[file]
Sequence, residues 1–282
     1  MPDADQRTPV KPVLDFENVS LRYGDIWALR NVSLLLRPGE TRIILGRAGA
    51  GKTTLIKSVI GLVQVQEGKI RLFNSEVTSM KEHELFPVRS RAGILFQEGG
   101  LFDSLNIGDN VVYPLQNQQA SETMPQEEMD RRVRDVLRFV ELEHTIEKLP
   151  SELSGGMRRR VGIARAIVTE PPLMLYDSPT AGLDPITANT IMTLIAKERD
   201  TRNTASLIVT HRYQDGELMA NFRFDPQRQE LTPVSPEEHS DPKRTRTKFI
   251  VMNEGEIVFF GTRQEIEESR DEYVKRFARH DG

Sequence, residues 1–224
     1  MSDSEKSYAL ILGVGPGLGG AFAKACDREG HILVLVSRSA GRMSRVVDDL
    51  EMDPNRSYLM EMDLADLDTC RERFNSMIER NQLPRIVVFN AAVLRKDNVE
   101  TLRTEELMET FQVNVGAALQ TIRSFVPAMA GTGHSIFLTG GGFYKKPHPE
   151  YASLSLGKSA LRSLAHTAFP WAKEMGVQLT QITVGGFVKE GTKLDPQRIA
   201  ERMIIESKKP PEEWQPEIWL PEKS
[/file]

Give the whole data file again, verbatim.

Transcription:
Sequence, residues 1–282
     1  MPDADQRTPV KPVLDFENVS LRYGDIWALR NVSLLLRPGE TRIILGRAGA
    51  GKTTLIKSVI GLVQVQEGKI RLFNSEVTSM KEHELFPVRS RAGILFQEGG
   101  LFDSLNIGDN VVYPLQNQQA SETMPQEEMD RRVRDVLRFV ELEHTIEKLP
   151  SELSGGMRRR VGIARAIVTE PPLMLYDSPT AGLDPITANT IMTLIAKERD
   201  TRNTASLIVT HRYQDGELMA NFRFDPQRQE LTPVSPEEHS DPKRTRTKFI
   251  VMNEGEIVFF GTRQEIEESR DEYVKRFARH DG

Sequence, residues 1–224
     1  MSDSEKSYAL ILGVGPGLGG AFAKACDREG HILVLVSRSA GRMSRVVDDL
    51  EMDPNRSYLM EMDLADLDTC RERFNSMIER NQLPRIVVFN AAVLRKDNVE
   101  TLRTEELMET FQVNVGAALQ TIRSFVPAMA GTGHSIFLTG GGFYKKPHPE
   151  YASLSLGKSA LRSLAHTAFP WAKEMGVQLT QITVGGFVKE GTKLDPQRIA
   201  ERMIIESKKP PEEWQPEIWL PEKS